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Introducing Geographic Information Systems with ArcGIS: A Workbook Approach to Learning GIS, 3rd Edition by Michael D. Kennedy

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One-Dimensional Entities in a Two-Dimensional Field: Lines

You saw examples of lines representing streams and sewers in Chapter 1. Lines were also used there to delineate boundaries of polygons. A line may be used to represent a linear feature that is too narrow to have a meaningful area. As with zero-dimensional entities, vertices on a line may have a “z” (e.g., altitude) value.

In GIS Terms, a line is a simple geometric entity that consists of a sequence (that is, an ordered set) of vertices, which are simply coordinate pairs or triples. Between each adjacent pair of vertices there is a segment. A segment is frequently simply a straight line, but in vector-based geodatabase feature classes, it can also be a part of a circle or ellipse, or it may be a spline (called a Bézier7 curve). A line that consists of multiple straight-line segments connected at vertices can approximate a curve. Lines can therefore be used to represent curvilinear features, such as roads and streams. The segments of a line are not allowed to intersect each other.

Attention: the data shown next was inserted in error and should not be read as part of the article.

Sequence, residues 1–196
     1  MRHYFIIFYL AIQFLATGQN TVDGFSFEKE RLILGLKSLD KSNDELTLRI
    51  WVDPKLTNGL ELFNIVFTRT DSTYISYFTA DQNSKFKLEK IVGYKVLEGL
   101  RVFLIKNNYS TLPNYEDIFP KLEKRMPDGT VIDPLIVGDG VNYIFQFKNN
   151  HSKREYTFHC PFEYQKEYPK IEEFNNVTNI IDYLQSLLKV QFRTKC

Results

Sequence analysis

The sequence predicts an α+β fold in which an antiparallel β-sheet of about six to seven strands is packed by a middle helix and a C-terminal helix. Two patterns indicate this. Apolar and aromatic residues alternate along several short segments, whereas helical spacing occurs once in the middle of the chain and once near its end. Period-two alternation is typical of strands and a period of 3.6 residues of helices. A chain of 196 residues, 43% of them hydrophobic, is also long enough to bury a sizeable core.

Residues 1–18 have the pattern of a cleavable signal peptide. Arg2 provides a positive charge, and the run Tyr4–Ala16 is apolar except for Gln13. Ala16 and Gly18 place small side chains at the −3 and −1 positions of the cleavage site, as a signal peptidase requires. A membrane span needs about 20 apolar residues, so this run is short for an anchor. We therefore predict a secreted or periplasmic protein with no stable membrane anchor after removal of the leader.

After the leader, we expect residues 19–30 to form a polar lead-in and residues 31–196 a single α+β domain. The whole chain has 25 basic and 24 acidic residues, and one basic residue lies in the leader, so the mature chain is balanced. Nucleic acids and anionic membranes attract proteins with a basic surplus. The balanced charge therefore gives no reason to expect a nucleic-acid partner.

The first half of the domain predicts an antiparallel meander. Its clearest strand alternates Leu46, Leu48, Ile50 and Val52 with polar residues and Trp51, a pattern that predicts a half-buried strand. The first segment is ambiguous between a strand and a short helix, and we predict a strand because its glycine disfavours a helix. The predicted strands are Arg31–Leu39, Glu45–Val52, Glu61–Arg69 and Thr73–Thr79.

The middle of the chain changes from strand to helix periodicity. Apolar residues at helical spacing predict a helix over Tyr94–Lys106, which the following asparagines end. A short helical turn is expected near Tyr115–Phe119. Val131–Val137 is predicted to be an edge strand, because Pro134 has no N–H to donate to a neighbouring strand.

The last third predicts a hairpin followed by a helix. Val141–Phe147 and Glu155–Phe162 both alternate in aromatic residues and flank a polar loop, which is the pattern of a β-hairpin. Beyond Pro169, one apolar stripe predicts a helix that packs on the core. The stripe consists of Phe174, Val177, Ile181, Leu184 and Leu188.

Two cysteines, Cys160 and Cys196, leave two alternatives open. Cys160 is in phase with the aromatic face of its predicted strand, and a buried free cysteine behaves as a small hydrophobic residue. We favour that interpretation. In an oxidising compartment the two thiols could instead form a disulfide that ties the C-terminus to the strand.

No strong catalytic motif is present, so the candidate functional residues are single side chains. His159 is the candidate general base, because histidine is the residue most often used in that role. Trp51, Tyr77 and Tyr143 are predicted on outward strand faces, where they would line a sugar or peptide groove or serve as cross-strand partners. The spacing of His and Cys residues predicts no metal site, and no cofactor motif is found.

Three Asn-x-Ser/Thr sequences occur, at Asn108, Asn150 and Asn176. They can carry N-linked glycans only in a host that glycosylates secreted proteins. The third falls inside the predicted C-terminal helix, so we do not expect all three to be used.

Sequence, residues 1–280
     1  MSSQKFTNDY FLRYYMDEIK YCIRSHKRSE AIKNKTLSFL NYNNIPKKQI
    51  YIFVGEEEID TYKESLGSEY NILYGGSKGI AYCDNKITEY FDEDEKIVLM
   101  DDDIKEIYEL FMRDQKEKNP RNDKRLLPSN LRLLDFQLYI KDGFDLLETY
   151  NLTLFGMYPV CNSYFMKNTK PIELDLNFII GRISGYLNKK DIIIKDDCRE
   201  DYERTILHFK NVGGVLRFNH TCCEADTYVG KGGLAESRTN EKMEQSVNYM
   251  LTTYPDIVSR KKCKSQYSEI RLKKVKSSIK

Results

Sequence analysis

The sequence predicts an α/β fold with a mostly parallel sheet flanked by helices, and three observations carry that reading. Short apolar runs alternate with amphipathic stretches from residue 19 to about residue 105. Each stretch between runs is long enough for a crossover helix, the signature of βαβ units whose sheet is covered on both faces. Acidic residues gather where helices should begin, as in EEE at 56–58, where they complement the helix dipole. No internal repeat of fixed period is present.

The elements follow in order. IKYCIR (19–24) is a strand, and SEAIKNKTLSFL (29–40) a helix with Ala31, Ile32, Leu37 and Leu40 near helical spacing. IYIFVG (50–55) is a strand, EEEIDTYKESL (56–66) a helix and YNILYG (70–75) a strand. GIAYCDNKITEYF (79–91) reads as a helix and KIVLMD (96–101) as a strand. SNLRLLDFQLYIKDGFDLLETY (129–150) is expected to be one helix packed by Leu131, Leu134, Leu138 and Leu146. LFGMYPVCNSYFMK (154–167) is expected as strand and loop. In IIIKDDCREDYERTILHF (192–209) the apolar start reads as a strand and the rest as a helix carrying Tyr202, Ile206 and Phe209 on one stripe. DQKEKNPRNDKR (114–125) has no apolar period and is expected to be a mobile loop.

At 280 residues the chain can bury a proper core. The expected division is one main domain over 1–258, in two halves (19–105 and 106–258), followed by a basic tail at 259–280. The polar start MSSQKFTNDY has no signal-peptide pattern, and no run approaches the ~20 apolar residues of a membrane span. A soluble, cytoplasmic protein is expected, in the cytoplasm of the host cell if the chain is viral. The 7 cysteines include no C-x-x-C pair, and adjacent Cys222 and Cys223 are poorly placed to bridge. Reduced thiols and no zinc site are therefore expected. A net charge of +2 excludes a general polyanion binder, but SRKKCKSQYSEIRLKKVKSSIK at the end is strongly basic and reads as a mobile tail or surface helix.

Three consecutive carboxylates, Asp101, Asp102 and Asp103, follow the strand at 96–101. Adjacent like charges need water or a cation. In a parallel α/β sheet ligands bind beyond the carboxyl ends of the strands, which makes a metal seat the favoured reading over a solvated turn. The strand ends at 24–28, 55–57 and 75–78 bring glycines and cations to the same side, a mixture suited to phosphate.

Paths—A path is a line as described previously, composed of a sequence of connected segments (or a single segment). The term “path” is used in vector-based geodatabase feature classes.

Polyline—A polyline is made up of one or more paths. If there are multiple paths, the paths may be connected or disjoint. Even if a polyline representing a feature consists of multiple paths, it has only one row in the attribute table. If polylines are used in shapefiles, ...

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